Neural Development

Neural development describes the growth and development of the nervous system starting from embryogenesis and continuing throughout life.

Research Areas

After two weeks of embryogenesis, three basic cell layers, the endoderm, mesoderm and the ectoderm (collectively called the gastrula) have been formed. The notochord, an area which will later become the nervous system, is located in the ectoderm layer. Induction signals from the notochord inform the neural plate to develop by switching on specific genes. These genes upregulate a process called neurulation in the ectoderm which leads to the formation of the neural plate. The cells of the plate will later differentiate into motor neurons and the rest of the notochord cells become sensory neurons. Folding of the neural plate occurs until it forms a neural tube by approximately day 22 of embryogenesis.

The neural tube initially expands from the anterior telencephalon due to cell proliferation. Over time proliferation of the cells of the neural tube ceases and they begin to differentiate into neurons and glial cells. Newly differentiated neurons begin to migrate to various areas of the brain where they will later settle and start to organize into different structures. From here, the neurons extend long axons and dendrites so that they can interact with other neurons via neurotransmission at synapses. This communication finally establishes functional neural circuits that will mediate sensory and motor processes in the postnatal brain.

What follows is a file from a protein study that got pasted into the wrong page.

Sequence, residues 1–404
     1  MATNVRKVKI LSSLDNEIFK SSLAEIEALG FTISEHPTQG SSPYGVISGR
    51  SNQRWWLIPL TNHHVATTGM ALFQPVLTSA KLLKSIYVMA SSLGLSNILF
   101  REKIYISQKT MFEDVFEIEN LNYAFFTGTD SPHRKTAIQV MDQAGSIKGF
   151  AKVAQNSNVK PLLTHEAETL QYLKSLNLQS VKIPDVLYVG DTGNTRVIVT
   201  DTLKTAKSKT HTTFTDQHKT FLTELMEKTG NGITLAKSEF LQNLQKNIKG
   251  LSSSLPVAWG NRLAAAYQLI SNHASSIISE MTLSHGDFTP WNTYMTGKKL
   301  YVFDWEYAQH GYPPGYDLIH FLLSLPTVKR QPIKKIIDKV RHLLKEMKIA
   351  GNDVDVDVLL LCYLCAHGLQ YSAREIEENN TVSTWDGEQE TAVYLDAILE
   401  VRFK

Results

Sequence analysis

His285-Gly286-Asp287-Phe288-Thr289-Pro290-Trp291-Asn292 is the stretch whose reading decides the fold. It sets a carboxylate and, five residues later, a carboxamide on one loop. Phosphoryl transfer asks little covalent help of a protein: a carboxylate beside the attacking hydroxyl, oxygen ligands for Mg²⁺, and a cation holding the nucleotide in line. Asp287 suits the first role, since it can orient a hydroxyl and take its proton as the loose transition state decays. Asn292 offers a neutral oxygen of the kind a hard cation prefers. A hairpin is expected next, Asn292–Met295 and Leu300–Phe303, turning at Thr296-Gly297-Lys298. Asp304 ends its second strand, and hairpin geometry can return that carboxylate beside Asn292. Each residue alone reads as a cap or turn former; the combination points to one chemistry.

Many neurotransmitters and neuromodulators such as serotonin, dopamine and GABA are present in early embryogenesis, long before the onset of synaptogenesis, and have pleiotropic effects during the development of the brain. Alterations in these substances, pharmacological agents, toxic insult or genetic modification can all have a profound impact and negative consequences on the development of the brain and nervous system.

Development of the brain during embryogenesis can be significantly altered by drugs being taken by the mother either medicinally or recreationally, as well as by environmental toxicants and natural contaminants. Prenatal cocaine exposure can lead to long-lasting behavioral, molecular and cellular changes including attention deficit, altered cell production and changes in genetic regulation. Amphetamines and MDMA can lead to cardiac and learning defects and fetal distress. These drugs primarily alter the mechanisms of dopaminergic and 5-HT systems, which can be targeted therapeutically in neurological disorders.